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Health Care
7:37 am
Sun September 22, 2013

The Sad Death Of An Adjunct Professor Sparks A Labor Debate

Originally published on Fri September 27, 2013 6:19 pm

The death of a long-time, part-time professor in Pittsburgh is gathering the attention of instructors nationwide. The trend of relying on part-time faculty has been in the works for decades, and Margaret Mary Vojtko's story is seen by some as a tragic byproduct.

Last spring, months before her death, Vojtko showed up at a meeting between adjunct professors at Duquesne University and the union officials who had been trying to organize them. The professors are trying to organize a union affiliated with the United Steelworkers.

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Community College
11:21 am
Fri September 20, 2013

Connecticut Community Colleges to Receive Federal Job Training Grants

Capital Community College in Hartford, one of the grant recipients.
Credit John Phelan / Wikimedia Commons

The Obama Administration has announced more than $400 million in job-training grants to community colleges and universities nationwide. Two Connecticut schools will receive more than $4 million in funding: Capital Community College in Hartford, and Housatonic Community College in Bridgeport.

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Budget
5:05 pm
Wed September 11, 2013

ConnSCU Facing Multi-Million Dollar Deficit

The Connecticut State Colleges and Universities System is facing a significant budget deficit this fiscal year, and ConnSCU officials are hoping the state will step in and pick up most the tab.

ConnSCU governs 12 Connecticut's Community Colleges; Central, Eastern, Western and Southern Connecticut State Universities, and Charter Oak State College. The projected $18 to $20 million budget gap accounts for about two percent of ConnSCU's overall budget.

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Where We Live
10:39 am
Mon September 9, 2013

Talking About Suicide

Young adults who consider suicide are not all depressed. Since young brains aren't fully developed, impulsive behavior can take over, causing them to act before they think. It is best to keep potential means to suicide, such as prescription medication and guns, out of their reach.
Credit John Brawley on Flickr Creative Commons

Yesterday marked the beginning of National Suicide Prevention Week and tomorrow is World Suicide Prevention Day, both intended to call attention to a serious public health issue.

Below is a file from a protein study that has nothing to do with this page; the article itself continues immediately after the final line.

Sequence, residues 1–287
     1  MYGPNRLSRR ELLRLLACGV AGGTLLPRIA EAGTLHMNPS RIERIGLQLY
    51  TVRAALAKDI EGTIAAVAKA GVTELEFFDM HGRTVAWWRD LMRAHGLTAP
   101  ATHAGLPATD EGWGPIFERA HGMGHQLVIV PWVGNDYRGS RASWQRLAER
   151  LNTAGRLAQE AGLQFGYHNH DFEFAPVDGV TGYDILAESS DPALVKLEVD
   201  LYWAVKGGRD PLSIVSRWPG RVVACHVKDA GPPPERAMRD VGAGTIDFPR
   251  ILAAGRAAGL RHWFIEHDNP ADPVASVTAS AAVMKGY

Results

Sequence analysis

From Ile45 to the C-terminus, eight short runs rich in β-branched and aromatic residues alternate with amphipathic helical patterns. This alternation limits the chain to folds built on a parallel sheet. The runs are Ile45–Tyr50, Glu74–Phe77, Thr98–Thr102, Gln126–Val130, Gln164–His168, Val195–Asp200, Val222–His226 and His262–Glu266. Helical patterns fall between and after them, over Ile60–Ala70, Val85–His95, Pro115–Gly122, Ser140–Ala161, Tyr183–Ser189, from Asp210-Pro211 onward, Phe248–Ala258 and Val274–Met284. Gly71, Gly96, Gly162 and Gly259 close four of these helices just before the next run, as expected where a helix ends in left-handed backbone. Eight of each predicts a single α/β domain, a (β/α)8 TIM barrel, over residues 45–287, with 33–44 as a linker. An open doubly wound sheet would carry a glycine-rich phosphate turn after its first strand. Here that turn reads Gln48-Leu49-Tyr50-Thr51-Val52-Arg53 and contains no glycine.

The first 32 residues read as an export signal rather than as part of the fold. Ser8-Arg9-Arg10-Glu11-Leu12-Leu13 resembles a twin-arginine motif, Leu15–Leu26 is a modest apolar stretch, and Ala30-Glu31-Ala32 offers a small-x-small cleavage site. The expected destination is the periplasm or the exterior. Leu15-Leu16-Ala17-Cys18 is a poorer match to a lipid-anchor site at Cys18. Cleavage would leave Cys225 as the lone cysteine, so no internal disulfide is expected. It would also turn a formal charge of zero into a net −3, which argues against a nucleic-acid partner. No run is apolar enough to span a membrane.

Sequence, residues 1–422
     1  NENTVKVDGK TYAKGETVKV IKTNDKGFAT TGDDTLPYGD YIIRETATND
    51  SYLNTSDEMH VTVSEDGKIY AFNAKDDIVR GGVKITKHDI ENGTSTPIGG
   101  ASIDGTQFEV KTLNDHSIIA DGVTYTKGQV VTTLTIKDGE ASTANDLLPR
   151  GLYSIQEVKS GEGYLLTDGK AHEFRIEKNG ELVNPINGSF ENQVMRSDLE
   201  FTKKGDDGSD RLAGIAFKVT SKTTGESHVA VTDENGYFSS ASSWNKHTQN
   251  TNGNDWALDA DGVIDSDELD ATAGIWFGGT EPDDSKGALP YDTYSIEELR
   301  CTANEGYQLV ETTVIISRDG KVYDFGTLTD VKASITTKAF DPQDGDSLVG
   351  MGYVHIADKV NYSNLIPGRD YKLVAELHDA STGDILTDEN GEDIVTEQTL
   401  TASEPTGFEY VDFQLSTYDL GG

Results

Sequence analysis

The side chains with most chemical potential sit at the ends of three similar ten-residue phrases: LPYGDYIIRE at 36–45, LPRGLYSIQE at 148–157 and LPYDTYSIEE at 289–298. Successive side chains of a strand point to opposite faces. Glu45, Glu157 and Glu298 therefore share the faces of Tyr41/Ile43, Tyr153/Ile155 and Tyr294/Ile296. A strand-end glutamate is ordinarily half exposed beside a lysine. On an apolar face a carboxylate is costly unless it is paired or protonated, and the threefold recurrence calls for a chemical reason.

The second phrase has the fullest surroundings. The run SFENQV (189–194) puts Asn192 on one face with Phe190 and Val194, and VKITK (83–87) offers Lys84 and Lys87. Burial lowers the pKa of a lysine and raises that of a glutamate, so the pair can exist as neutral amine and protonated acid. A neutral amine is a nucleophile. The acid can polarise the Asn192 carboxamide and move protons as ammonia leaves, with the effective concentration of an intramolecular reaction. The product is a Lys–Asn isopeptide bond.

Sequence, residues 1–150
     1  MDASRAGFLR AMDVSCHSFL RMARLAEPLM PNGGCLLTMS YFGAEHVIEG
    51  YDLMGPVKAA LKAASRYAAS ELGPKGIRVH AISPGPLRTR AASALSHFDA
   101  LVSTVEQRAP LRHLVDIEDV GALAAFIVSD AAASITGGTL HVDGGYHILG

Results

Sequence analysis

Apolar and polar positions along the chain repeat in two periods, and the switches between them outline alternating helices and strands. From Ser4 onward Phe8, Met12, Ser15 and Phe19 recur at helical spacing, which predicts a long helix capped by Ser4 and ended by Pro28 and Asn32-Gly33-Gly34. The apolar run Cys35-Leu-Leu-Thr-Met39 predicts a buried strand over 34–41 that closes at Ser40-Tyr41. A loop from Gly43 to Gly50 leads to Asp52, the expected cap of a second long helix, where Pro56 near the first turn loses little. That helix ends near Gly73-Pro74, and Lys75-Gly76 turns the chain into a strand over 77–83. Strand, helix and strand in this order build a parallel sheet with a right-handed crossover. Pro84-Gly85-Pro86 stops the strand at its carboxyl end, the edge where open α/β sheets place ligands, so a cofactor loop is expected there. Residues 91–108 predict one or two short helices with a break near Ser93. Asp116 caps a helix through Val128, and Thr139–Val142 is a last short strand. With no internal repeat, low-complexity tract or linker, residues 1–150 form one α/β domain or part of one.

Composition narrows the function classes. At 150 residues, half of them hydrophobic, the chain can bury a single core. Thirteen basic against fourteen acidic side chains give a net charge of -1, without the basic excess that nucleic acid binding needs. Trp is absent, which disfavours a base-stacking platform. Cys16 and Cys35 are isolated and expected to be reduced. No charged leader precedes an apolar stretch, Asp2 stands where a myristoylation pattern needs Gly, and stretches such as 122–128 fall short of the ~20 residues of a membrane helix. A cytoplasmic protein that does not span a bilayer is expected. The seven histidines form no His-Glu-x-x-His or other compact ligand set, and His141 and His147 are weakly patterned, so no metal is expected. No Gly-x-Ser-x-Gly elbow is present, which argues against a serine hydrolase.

We were recently shocked by the suicide of a 15-year-old Greenwich High School student after his first day of school.

But the numbers prove this is not an isolated incident. Every 15 minutes, someone dies by suicide in the U.S. For every one of the almost 40,000 people who died this year, there are many more who think about, plan, or attempt suicide.

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Where We Live
1:23 pm
Fri September 6, 2013

Live from UConn: One-on-One with Susan Herbst

UConn President Susan Herbst with John Dankosky live in the UConn Student Union.
Jillian Ives

We’re at the Student Union on the Storrs campus as a new school year is underway, and the state’s flagship school is back in the news once again. They’re planning new facilities, like a $100-million recreation center for students, and they're preparing for an even bigger rebuild that will require a new flow of water onto campus.

There’s also a "flow" of money for top administrators at the school, as some students worry about what this means for the rising cost of college.

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Where We Live
2:01 pm
Tue September 3, 2013

The Student Loan Crisis and the High Cost of College

Student loan debt is topping $1.2 trillion dollars and 13% of students defaulting on their loans.
Credit DonkeyHotey on Flickr Creative Common

In August, President Obama signed a bill preventing the doubling of interest rates on federal student loans for those entering college this year. Students borrowing the maximum amount this year will save about $4,600 in extra interest...but it’s a temporary fix.

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U.S. Economy
12:16 am
Tue August 27, 2013

A College Kid, A Single Mom, And The Problem With The Poverty Line

Marion Matthew is a home health aide supporting herself and her 17-year-old son.
Pam Fessler NPR

Originally published on Tue August 27, 2013 5:02 am

The College Kid

Rico Saccoccio is a junior at Fordham University in the Bronx. He's from a middle-class family in Connecticut and he spent the summer living at home with his parents, who cover about $15,000 a year in his college costs.

According to the U.S. government, Saccoccio is living in poverty. The $8,000 he earns doing odd jobs puts him well below the $11,945 poverty threshold for an individual. In fact, the U.S. Census Bureau recently reported that more than half of all college students who are living off campus and not at home are poor.

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News
1:03 pm
Thu August 22, 2013

President Unveils Plan To Boost College Affordability

President Obama speaks on education at University at Buffalo, State University of New York, on Thursday.
Jewel Samad AFP/Getty Images

Originally published on Thu August 22, 2013 7:25 pm

Saying a college education is the "surest path to the middle class," President Obama announced a plan Thursday to allocate federal aid to colleges and universities based in part on their affordability.

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1:57 pm
Wed August 21, 2013